Cameron Lyle Ended His Athletic Career to Save the Life of a Young Man with Leukemia-Truth!
Summary of eRumor:
Cameron Lyle, a student athlete at the University of New Hampshire, ended his track and field career so he could donate bone marrow to a stranger with leukemia.
Cameron Lyle was a shot put thrower at the University of New Hampshire who cut his career short to save the life of a young man with leukemia who he’d never before.
Lyle’s story appeared on social media and in numerous publications shortly after he had the bone marrow procedure in April 2013.
Lyle told the Boston Globe he had his cheek swabbed for the National Marrow Donor Program’s “Be the Match” campaign during his sophomore year.
“They said I was a possible match. And I admit it was kind of frightening for a few minutes,” Lyle said. “But I had made up my mind when I did the mouth swab and joined the registry that if it happened I would donate. Otherwise, why bother registering?”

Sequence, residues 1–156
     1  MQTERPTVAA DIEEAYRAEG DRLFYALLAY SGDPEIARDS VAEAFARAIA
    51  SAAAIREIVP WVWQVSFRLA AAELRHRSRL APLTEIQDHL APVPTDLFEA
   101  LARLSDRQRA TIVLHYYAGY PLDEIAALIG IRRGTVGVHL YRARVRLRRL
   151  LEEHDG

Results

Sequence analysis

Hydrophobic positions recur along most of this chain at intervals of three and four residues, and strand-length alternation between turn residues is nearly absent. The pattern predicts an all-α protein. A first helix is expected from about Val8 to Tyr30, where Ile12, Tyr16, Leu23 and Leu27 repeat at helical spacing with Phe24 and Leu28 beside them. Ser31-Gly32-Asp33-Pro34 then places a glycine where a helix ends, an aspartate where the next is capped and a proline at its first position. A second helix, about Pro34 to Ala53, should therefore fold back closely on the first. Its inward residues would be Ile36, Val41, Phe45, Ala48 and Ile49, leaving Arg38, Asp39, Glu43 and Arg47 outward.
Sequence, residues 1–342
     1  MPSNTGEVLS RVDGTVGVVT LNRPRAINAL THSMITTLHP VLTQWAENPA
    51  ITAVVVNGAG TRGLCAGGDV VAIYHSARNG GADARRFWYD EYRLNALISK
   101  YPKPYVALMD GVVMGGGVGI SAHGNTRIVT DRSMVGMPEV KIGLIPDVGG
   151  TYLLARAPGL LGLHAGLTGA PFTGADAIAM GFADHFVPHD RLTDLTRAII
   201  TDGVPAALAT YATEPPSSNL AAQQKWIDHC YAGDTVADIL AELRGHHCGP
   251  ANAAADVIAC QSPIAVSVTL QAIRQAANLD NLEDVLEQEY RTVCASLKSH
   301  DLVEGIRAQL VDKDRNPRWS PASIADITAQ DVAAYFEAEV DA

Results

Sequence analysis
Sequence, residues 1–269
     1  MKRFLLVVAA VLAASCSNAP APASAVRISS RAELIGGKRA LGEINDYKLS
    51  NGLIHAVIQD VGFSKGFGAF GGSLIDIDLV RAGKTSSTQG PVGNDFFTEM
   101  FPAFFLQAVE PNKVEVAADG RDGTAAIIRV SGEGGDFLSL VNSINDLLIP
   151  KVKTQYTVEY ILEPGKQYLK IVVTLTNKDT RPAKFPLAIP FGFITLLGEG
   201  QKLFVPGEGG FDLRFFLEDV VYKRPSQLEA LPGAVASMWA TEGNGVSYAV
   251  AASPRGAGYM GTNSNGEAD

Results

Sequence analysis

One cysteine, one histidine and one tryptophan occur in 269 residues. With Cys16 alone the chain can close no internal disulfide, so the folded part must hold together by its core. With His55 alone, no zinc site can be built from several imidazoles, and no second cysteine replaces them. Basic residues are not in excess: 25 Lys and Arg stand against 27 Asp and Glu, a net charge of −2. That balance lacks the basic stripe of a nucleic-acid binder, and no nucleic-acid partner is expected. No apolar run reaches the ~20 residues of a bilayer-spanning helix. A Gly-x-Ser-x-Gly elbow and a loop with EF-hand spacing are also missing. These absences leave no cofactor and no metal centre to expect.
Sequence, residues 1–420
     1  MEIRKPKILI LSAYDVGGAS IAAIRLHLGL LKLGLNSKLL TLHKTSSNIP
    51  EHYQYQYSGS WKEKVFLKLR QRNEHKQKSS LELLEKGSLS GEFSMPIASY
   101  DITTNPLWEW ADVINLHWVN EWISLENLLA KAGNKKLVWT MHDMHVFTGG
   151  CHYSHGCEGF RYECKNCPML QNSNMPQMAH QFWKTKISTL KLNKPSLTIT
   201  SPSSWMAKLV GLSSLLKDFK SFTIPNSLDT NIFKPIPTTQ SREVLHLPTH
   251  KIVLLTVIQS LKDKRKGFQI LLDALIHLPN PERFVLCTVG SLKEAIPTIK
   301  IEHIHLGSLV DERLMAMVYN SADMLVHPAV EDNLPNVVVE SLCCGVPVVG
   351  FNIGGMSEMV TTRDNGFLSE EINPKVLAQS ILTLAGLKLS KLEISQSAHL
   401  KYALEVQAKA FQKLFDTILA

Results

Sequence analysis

Each year 12,000 blood cancer patients need bone marrow or umbilical cord transplants, and 70 percent of them don’t have donor matches within their family must rely on Be the Mach’s registry of 10.5 million potential donors, according to the National Marrow Donor Program.
The odds of a donor being a match for a patient are about one in 5 million.
That makes it even more unusual that Lyle isn’t the only member of the University of New Hampshire track and field team who has donated marrow to a perfect stranger. Catie Perrella announced donated bone marrow to a perfect stranger the week after the track season ended in 2011.